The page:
Feds Get Next to Nothing in Another Wall Street Case
Chalk up another face plant for the federal government in its quest to imprison, sue, fine, penalize or generally hold anyone of note accountable for their actions during the financial crisis.
The latest case involves the father-son team of Bruce Bent Sr. and Bruce Bent II, the former managers of the Reserve Primary Fund, a defunct money-market mutual fund that played a crucial part in spreading panic throughout the markets in the days after Lehman Brothers Holdings Inc. failed. The pair was cleared by a jury of civil intentional fraud charges, the most serious accusations. The younger Bent was dinged, though, and found liable for the lesser accusation of negligence.
The Securities and Exchange Commission sued the Bents in 2009, claiming they promised investors that they would prop up their $62 billion fund, which held about $785 million in short-term Lehman debt. When Lehman filed for bankruptcy on Sept. 15, 2008, the shares of Reserve Primary lost about 3 cents of their value within a day. That meant the fund couldn't make good on its promise of repaying all shareholders $1 for each dollar invested. In other words, it "broke the buck."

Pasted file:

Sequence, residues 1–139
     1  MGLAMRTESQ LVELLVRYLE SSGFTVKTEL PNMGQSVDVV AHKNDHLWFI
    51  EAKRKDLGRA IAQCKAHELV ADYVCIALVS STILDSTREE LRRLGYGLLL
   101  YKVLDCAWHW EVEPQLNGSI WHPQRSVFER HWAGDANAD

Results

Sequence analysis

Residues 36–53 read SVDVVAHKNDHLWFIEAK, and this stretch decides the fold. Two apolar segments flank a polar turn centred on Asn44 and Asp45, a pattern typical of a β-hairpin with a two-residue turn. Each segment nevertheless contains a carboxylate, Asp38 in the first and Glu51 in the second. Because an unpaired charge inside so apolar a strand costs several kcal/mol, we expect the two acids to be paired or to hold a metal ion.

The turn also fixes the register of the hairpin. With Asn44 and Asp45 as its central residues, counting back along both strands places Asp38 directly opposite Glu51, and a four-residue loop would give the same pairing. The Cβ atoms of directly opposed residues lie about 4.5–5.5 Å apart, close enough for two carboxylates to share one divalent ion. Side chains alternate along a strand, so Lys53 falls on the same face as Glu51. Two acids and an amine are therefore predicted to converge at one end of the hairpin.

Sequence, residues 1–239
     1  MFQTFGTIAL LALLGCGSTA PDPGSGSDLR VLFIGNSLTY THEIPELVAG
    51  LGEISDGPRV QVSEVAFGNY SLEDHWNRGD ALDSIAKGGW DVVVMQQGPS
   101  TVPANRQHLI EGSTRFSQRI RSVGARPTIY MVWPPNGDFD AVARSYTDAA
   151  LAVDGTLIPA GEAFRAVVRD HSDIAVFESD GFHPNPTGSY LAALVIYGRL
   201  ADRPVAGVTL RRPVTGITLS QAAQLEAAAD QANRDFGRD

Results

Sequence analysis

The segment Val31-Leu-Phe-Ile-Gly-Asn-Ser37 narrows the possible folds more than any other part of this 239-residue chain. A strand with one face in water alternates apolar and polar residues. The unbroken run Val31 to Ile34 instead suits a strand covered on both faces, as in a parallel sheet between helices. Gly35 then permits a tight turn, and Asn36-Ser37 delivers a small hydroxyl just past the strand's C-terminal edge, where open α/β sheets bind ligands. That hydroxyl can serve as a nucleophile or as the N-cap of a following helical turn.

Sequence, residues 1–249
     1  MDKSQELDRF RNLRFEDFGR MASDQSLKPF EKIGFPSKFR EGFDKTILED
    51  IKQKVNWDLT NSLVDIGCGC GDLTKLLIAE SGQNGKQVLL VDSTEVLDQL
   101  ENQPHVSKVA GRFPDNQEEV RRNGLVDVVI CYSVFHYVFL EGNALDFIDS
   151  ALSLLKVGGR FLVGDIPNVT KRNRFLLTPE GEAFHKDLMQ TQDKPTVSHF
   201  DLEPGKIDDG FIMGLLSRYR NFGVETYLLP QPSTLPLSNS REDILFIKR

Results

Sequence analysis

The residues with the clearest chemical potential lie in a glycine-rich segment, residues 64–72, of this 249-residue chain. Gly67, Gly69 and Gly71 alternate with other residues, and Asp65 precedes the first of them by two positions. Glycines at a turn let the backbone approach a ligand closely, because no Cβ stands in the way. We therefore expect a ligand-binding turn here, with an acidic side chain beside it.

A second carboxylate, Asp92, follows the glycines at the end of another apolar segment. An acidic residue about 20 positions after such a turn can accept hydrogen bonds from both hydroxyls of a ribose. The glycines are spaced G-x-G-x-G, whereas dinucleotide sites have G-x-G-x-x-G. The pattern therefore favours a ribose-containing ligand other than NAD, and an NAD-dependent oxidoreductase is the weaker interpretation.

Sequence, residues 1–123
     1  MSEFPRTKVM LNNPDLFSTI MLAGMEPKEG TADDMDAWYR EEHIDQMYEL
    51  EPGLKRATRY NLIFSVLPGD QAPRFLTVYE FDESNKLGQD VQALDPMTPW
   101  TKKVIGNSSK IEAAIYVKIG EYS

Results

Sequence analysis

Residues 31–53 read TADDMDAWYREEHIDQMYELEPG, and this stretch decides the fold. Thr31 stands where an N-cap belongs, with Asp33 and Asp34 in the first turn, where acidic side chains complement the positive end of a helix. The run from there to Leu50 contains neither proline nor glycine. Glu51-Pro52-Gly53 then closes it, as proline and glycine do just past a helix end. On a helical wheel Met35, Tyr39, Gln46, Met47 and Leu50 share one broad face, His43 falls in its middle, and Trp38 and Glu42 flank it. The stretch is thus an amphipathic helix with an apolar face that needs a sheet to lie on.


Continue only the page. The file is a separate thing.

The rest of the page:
Investors raced to withdraw their money before Reserve Primary ran out of cash, which in turn touched off mass withdrawals at other money-market mutual funds. The run was ended when the federal government offered a backstop.
The SEC claimed the Bents knew their fund couldn't be saved, yet had misled investors by saying they stood ready to use their own money to establish a facility to provide enough cash to meet redemptions. They did this, according to the SEC's complaint, to attempt to persuade investors not to withdraw their money.
Lawyers for the Bents argued that the pair faced a "perfect storm" and that their efforts were in good faith, even if they proved fruitless. The Primary Reserve Fund, co-founded by the elder Bent in 1970, was the first money-market fund. It has since liquidated.
Investigators and prosecutors have successfully sued or prosecuted a number of no-name mortgage brokers and bankers in the financial crisis, and many big banks have paid billions in fines. But cases involving high-profile individuals have gone nowhere.
The most prominent failure was the trial of former Bear Stearns Cos. hedge fund managers Ralph Cioffi and Matthew Tannin. Federal prosecutors accused the pair of criminal conspiracy and securities fraud, and tried to piece together a case that relied mainly on excerpts of e-mails that purported to show the pair knew their funds were doomed, but withheld this information from investors. A jury concluded that when viewed in their entirety, the e-mails were ambiguous.
Cioffi and Tannin later settled civil claims by the SEC, paying a penalty of $1.05 million. Of course, as in almost all matters involving SEC litigation, they neither denied nor admitted wrongdoing.
(James Greiff is a member of Bloomberg View’s editorial board.)
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